PERCEPTIONS OF CHANGES IN WEIGHT AMONG AFRICAN AMERICAN BREAST CANCER SURVIVORS


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Abstract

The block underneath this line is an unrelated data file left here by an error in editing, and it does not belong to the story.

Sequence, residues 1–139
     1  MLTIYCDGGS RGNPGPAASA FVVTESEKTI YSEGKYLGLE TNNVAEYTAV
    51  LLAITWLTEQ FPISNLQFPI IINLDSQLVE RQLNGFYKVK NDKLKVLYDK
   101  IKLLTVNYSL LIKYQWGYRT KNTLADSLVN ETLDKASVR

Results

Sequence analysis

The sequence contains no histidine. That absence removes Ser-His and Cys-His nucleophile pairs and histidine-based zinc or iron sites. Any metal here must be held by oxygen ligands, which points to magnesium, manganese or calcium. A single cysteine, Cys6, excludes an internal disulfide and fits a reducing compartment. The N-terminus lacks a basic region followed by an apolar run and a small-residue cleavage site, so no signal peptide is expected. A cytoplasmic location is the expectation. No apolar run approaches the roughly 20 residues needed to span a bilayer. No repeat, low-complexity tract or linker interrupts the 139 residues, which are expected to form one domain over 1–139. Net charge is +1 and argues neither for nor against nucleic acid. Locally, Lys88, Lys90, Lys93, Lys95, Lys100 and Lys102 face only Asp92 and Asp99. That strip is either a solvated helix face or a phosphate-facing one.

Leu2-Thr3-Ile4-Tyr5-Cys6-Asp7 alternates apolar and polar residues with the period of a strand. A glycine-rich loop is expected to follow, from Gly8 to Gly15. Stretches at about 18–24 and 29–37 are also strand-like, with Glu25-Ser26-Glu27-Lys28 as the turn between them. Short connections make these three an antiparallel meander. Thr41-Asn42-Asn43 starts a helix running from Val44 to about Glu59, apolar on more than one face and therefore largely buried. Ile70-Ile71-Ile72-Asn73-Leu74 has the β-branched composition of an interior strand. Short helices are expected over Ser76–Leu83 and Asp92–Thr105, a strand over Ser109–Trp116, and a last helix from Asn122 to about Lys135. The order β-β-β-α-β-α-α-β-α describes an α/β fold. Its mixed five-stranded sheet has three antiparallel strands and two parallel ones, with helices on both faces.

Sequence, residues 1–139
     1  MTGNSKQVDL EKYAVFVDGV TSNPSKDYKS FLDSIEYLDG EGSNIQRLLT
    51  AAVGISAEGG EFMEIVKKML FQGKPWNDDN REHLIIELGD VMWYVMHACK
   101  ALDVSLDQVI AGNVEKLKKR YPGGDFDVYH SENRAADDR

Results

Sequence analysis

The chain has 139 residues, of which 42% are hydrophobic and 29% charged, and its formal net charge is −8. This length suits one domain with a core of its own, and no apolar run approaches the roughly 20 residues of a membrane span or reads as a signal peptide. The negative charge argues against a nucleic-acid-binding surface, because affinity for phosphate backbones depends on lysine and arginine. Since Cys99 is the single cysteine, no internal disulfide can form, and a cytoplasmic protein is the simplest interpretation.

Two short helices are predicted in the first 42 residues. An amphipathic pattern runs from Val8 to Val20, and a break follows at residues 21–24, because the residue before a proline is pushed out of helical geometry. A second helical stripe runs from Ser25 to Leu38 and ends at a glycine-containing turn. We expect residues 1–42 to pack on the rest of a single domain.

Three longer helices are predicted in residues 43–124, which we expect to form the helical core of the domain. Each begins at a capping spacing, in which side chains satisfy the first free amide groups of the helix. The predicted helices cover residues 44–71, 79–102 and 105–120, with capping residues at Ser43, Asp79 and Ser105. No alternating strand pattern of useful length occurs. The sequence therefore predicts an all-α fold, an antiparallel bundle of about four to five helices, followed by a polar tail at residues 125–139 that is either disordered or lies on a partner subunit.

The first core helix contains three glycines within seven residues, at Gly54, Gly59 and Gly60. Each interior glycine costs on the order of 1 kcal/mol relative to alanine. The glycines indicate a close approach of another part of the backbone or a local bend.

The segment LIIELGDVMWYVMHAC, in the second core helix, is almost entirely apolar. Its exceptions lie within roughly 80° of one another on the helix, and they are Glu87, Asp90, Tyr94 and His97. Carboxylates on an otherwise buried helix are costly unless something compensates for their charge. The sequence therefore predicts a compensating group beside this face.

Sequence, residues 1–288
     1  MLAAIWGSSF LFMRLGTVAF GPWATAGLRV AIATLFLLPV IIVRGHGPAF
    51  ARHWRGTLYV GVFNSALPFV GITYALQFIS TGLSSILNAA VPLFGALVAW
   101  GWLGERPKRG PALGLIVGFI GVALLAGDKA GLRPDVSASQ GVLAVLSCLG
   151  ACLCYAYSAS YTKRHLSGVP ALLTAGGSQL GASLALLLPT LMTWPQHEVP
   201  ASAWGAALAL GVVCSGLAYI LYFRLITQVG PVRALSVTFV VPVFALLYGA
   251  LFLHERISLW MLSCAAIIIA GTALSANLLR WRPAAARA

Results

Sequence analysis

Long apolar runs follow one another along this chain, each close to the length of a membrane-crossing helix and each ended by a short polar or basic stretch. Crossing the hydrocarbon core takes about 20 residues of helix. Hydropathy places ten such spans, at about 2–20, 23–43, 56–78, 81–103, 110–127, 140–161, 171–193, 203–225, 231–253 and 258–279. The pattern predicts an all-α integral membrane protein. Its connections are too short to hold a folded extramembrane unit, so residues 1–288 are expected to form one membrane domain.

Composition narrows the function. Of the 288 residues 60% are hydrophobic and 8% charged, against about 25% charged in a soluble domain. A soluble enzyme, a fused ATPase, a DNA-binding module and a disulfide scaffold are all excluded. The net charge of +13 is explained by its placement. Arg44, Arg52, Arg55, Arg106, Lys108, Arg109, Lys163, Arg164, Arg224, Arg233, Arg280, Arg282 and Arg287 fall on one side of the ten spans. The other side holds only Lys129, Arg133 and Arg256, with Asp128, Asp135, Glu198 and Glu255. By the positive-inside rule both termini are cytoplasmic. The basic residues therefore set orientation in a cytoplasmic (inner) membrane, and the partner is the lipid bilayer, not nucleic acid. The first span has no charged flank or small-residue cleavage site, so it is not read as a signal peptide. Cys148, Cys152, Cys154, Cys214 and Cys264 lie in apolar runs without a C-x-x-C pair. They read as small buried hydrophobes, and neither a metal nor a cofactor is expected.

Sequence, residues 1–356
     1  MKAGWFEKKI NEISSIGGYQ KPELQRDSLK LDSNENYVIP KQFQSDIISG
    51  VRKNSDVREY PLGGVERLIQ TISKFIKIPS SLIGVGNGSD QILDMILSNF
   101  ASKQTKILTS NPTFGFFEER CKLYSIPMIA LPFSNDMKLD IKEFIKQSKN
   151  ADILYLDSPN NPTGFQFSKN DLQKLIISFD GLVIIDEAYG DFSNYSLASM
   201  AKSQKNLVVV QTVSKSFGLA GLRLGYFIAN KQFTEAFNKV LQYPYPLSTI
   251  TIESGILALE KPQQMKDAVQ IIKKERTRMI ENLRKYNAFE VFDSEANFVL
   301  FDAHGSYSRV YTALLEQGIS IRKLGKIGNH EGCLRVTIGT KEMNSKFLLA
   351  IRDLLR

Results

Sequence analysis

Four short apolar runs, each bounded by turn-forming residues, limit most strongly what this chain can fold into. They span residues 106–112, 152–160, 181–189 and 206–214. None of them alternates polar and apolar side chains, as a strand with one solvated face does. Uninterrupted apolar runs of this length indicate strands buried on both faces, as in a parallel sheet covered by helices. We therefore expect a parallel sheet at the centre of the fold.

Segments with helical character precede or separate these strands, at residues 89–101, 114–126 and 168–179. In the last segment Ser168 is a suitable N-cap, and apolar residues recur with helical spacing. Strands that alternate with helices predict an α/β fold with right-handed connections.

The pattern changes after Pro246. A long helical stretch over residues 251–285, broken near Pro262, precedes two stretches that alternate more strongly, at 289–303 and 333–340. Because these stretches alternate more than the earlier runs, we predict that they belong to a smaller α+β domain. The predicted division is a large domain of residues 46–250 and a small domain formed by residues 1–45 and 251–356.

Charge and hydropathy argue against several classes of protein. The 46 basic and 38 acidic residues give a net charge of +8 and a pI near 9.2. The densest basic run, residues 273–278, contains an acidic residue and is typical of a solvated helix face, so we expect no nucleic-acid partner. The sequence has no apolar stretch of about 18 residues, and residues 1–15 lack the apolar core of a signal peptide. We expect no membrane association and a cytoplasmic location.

SUMMARYBack ground: Although African American breast cancer survivors are most likely to gain weight following diagnosis and treatment compared to women from other ethnic groups, limited information is available on psychological and behavioral reactions to weight change in this population.Objectives: To explore perceptions and reactions to weight change in African American breast cancer survivors.Methodology: A parallel mixed methods approach was used to explore experiences with and reactions to weight change following breast cancer diagnosis and treatment. Participants were 16 short- and long-term African American breast cancer survivors.Results: Nine out of 16 participants gained weight following diagnosis and treatment and most participants were concerned about these changes. Most participants were also interested in diet and exercise programs; however, a holistic and common sense approach to diet and physical activity emerged as key themes.Conclusions: Although prior reports have found that African American women in the general population report a greater tolerance for larger body sizes, most participants in this study were concerned about changes in their weight and were actively trying to minimize weight gain. Several themes emerged regarding physical activity and dietary behaviors; overall, participants described a holistic and practical approach to these behaviors. Copyright © 2005 John Wiley & Sons, Ltd.

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